I sidled up close to Big Bertha, and the crew lifted their mallets. I wanted to hear just how loud and deep this drum could get, this drum named for a howitzer. So there I was, six inches from the drum face, and Wham!
So did my heart. So did my thoughts. In the ringing echo of Big Bertha’s super-percussive whomp, the walls of Darrell K Royal Memorial Stadium vanished. I could see for miles. The vibrations in the air aligned with those of the universe, and everything was one. We are all energy, and we are all light. Or so, at least, that’s what the drum said. This primal bang communicated through all time, our ancestors and our children. Time vanished. I could see wide-open Texas plains where no buildings stood. Just miles of desert and dust. And a steer in the distance, nodding. He heard what I heard. Texas. Fight.
Slowly, the drum’s song faded, and the world coalesced again. The coffee shop and the burger joint returned, and the orange uniforms of the Bertha Crew became visible. Everything was familiar again . . . except the sounds. Where were the sounds?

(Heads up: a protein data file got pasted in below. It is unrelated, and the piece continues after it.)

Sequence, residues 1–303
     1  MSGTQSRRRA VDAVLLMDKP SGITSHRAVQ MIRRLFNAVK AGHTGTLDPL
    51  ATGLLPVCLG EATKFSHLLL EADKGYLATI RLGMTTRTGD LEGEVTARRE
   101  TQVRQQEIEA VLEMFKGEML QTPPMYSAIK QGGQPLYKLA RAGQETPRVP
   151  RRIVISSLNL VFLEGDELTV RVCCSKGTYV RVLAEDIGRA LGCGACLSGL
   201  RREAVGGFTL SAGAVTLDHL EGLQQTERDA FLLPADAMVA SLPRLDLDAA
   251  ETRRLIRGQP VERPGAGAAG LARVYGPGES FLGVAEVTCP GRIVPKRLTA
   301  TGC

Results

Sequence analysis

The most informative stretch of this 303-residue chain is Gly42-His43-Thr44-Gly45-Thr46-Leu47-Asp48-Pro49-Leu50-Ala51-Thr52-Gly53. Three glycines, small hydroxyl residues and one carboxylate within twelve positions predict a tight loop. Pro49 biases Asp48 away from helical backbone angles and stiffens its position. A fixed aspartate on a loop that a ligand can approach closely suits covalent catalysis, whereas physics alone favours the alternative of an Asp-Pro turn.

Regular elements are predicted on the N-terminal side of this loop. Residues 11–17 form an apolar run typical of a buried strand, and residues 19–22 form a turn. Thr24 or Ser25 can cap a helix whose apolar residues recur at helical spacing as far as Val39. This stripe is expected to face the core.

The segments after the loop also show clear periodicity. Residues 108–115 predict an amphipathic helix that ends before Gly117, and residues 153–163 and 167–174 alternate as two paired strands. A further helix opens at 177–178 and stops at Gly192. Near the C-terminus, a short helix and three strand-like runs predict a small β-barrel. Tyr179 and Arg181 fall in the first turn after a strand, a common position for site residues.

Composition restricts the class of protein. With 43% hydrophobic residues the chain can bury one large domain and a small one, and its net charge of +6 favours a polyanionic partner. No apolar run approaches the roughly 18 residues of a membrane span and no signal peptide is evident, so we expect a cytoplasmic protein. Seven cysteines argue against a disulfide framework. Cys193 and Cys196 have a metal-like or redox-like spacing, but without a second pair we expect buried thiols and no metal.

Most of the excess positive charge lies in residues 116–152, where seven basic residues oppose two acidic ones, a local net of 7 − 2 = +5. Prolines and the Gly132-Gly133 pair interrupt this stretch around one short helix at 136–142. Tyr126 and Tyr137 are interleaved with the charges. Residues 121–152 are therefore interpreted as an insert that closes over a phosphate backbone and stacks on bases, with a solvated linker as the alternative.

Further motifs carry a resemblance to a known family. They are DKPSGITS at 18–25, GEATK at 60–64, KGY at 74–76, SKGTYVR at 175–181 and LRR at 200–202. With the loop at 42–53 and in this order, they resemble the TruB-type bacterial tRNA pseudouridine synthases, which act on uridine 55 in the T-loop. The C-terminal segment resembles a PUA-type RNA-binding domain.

Big Bertha’s roar had given me the gift of a great vision, but it seemed to have stolen from me the gift of my hearing.
My audiologist says it should return in a day or two. She also says I was stupid to stand so close to one of the biggest bass drums in the world. She says I shouldn’t do something so dumb, that I should be an adult, and that I should think about the consequences of such a rash and silly act. What does she know? Gentlemen, take up your mallets. I am in place. Proceed.
P.S. What’s the loudest event you’ve ever been to?